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Bounce rate — what is and what constitutes a good rate?

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In this article, we'll discuss what makes a good bounce rate and how you can improve yours, in order to increase your conversion rate and search engine rankings.

What is bounce rate?

Bounce rate is an important metric for a website because it indicates the extent to which people interact — or not — with the content on your website. It is in fact a showcase of the user experience that you offer to your visitors, presented in the form of a simple and quick to understand percentage.

The bounce rate is calculated when someone visits a page on your website, but takes no action on it and subsequently leaves. More specifically, bounce rate measures the number of visitors who leave a web page without taking a specific action, such as purchasing something, filling out a form, or clicking on a link.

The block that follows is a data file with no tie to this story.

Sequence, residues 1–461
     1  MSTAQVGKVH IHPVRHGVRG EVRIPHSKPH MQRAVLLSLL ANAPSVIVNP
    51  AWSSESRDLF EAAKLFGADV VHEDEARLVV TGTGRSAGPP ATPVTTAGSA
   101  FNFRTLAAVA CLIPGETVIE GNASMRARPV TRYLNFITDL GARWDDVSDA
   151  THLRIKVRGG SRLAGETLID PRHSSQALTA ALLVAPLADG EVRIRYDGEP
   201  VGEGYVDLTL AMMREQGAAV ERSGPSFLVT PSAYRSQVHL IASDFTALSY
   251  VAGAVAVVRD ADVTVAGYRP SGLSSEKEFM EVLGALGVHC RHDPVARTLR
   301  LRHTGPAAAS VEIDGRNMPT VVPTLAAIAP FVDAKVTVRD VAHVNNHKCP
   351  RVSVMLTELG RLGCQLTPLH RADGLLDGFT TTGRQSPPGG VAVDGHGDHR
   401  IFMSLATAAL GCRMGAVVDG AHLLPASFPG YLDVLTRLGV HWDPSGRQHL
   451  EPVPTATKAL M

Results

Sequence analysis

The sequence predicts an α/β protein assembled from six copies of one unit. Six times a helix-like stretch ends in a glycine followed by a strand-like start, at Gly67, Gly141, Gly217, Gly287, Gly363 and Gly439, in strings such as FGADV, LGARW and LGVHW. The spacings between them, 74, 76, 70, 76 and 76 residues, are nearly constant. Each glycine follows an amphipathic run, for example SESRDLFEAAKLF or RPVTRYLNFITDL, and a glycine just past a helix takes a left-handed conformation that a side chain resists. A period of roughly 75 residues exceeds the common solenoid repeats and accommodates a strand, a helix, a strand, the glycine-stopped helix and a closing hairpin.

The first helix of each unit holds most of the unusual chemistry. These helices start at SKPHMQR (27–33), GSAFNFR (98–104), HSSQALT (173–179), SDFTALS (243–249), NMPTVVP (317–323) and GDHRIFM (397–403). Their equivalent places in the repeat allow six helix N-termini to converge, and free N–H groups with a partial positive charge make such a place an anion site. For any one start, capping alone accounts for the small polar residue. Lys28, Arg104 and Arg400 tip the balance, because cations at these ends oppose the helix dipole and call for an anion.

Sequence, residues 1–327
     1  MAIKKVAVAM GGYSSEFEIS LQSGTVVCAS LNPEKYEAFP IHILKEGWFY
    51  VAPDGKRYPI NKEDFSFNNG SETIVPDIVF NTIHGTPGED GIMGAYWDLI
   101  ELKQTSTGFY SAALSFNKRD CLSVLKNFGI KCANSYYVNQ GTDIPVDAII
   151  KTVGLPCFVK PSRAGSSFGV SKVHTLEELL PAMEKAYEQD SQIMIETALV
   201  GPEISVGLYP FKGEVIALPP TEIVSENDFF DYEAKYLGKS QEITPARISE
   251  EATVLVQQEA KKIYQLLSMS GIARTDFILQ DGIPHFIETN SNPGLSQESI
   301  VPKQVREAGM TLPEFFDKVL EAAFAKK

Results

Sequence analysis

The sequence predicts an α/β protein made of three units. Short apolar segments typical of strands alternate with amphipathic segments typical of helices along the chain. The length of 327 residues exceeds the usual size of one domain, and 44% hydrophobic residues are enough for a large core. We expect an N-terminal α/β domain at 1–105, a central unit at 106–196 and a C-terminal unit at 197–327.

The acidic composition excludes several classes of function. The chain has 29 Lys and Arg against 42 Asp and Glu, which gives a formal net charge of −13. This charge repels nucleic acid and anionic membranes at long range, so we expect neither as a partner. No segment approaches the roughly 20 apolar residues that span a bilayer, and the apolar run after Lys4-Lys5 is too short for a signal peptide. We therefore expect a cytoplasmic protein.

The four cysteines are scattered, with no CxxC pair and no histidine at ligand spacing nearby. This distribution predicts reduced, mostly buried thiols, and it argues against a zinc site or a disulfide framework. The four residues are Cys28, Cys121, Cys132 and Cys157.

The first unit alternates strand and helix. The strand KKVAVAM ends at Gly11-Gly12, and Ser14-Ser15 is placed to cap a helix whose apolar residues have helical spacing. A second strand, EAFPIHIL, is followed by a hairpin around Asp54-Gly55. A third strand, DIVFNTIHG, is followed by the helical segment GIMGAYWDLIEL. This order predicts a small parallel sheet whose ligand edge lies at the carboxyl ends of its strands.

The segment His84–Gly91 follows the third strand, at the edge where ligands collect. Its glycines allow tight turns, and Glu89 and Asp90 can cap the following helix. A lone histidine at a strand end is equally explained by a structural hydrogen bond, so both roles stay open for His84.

It is important to understand bounce rate and its impact on your overall digital marketing strategy. For example, a poor bounce rate can indicate technical SEO issues, like your page loading time is too slow.

What is a good bounce rate?

To define what a good bounce rate is for your site, you need to understand the difference between a high bounce rate and a low bounce rate.

A high bounce rate means that the total duration of a visitor's session is short; they visit a page on your site and leave. A low bounce rate means that visitors spend time on a page and click on available links.